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American Television, Situation Comedies  
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Before long audiences tired of these essentially monolithic portrayals of gay/straight interactions, and television writers began to explore new approaches to queer television representations.

Expressions of Openness: The Early 1990s

As Hart has noted, in the 1990s glbtq people achieved wider recognition and greater levels of social tolerance than in the past, and the major network primetime shows began increasingly to represent diverse and inclusive characters who reflected the wide range of roles that queers occupy in American society.

In 1990, for example, CBS debuted the quirky dramatic comedy Northern Exposure, a show that followed the lives and loves of Cicely, Alaska's eccentric residents. While most of the relationships on Northern Exposure were heterosexual, the show was notable for its "just folks" portrayal of queer characters. The 1992 episode "Cicely" explained that the town was named after one of the lesbian founders who, along with her lover Roslyn, transformed the backwater mud hole into what they termed the "Paris of the West."

In 1994, the episode "I Feel the Earth Move" presented television's first-ever gay wedding; characteristically, most of Cicely's residents found nothing unusual about the nuptials.

Although there was a slight controversy surrounding Northern Exposure's gay wedding, in late 1995 another gay wedding on the popular ABC sitcom Roseanne was the center of a firestorm of protest. Queer viewers objected not to the episode, but to the network's decision to delay the episode's airing from prime time to a later, "adult" time period.

Leon (Martin Mull) and Scott's (Fred Willard) gay wedding on Roseanne was followed almost immediately by a lesbian wedding on the hit show Friends. In January 1996, the episode "The One With the Lesbian Wedding" showcased the marriage of Ross's ex-wife Carol (Jane Sibbett) and her partner Susan (Jessica Hecht). Candace Gingrich, the lesbian half-sister of conservative former Speaker of the United States House of Representatives Newt Gingrich, played the minister who presided over the ceremony. Unlike Roseanne's gay wedding, however, the Friends episode generated little controversy. This was due in large part to the absence of any same-sex kisses.

You May Now (Not) Kiss the Bride

Although in the 1990s queer characters and queer situations in television comedies began to be more accepted by mainstream viewers, same-sex affection was rare and kissing was practically nonexistent. ABC executives refused to allow Roseanne's gay couple, Leon and his lover Scott, to kiss because of boycott threats. This came as no surprise to the show's creator, Roseanne Barr, who had weathered similar protests over a same-sex kiss with Mariel Hemingway in the 1994 episode "Don't Ask, Don't Tell."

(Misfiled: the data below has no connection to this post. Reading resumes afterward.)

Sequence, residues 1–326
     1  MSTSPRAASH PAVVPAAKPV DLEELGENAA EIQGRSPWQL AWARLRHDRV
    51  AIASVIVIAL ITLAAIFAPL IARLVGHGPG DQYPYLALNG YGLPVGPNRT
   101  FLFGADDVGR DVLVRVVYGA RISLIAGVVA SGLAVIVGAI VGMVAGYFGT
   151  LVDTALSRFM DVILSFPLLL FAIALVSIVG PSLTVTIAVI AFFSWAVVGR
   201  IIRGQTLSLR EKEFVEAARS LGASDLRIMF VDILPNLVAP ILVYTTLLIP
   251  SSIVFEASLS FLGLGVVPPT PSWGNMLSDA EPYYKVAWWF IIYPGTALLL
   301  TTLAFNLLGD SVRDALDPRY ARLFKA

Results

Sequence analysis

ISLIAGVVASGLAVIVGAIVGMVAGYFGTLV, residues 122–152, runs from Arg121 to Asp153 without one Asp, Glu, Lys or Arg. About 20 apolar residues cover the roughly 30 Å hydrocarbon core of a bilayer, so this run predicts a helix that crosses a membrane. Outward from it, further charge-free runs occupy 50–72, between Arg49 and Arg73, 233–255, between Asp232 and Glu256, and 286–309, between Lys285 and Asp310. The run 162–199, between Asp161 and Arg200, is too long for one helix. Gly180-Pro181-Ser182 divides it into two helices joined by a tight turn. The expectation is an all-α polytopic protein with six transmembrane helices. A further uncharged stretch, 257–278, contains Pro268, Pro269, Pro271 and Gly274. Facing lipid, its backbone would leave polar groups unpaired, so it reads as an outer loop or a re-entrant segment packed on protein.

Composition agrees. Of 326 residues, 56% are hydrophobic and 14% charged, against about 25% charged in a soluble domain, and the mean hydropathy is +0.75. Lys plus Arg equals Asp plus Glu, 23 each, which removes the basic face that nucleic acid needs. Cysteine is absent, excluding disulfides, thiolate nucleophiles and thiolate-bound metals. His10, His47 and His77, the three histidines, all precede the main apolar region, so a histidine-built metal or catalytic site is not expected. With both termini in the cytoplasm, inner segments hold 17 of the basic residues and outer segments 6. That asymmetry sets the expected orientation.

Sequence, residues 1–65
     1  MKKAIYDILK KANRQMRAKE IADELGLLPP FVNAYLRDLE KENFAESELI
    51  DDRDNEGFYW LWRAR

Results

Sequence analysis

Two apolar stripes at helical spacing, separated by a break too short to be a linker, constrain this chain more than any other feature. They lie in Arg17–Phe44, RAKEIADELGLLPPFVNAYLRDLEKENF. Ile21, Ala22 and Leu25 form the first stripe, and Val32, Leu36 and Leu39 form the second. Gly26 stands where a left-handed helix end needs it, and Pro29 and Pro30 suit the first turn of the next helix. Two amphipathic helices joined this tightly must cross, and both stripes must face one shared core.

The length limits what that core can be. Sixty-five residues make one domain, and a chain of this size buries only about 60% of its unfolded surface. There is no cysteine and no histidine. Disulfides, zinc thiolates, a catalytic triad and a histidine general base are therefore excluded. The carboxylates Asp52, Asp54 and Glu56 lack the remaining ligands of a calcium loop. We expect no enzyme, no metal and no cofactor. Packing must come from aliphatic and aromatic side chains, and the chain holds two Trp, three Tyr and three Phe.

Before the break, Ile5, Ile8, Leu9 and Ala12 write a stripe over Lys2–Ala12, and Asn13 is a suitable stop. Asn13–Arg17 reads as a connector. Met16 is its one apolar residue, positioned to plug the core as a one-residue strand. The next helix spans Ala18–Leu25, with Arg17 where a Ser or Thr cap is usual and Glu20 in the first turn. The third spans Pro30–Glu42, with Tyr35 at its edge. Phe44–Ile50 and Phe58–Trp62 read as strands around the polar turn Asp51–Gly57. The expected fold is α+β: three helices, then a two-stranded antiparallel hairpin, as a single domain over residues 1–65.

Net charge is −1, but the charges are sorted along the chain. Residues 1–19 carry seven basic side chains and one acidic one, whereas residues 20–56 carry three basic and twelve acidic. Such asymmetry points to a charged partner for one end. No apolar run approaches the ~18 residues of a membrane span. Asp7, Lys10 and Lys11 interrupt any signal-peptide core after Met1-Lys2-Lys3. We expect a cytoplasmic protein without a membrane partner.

As a publicly funded entity, PBS found itself vulnerable to conservative criticism and pressure when, also in 1994, it aired the hugely popular miniseries Tales of the City. Based on gay author Armistead Maupin's fictional accounts of freewheeling 1970s San Francisco, Tales featured a fair amount of adult language, nudity, and sexual situations, both heterosexual and homosexual. The series' ratings soared predictably but, as Rodney Buxton has remarked, Tales of the City generated enough controversy that conservative forces were able to pressure CPB (The Corporation for Public Broadcasting) to withdraw funding for the sequel, More Tales of the City, which finally aired in 2001 on subscriber network Showtime.

In the wake of the conservative backlash, Maupin commented in a New York Times article that letting the series' characters show affection was important. He had come to resent profoundly the way that the universal symbol of love, the kiss, had been reserved exclusively for heterosexuals on the television screen. Indeed, it would be six more years before viewers would witness, on the February 22, 2000 episode of NBC's Will and Grace, two gay male characters kissing in prime time.

However, as website columnist Alan Foster has noted, even though a same-sex male kiss occurred between Will (Eric McCormack) and Jack (Sean P. Hayes), the world hardly noticed, because NBC failed to give advance media notice for this gay milestone.

Although network television executives shied away from depicting overt expressions of queer affection, television viewers were nevertheless treated to an ever-increasing array of same-sex embraces, including numerous male-male kisses. Because they mostly occurred within the boundaries of farce or satire, however, these displays of affection were explained away as "joke kisses." Still, it was impossible to ignore the increasingly affectionate nature of queerly inflected, if problematic, characters in both sitcoms and sketch comedy shows.

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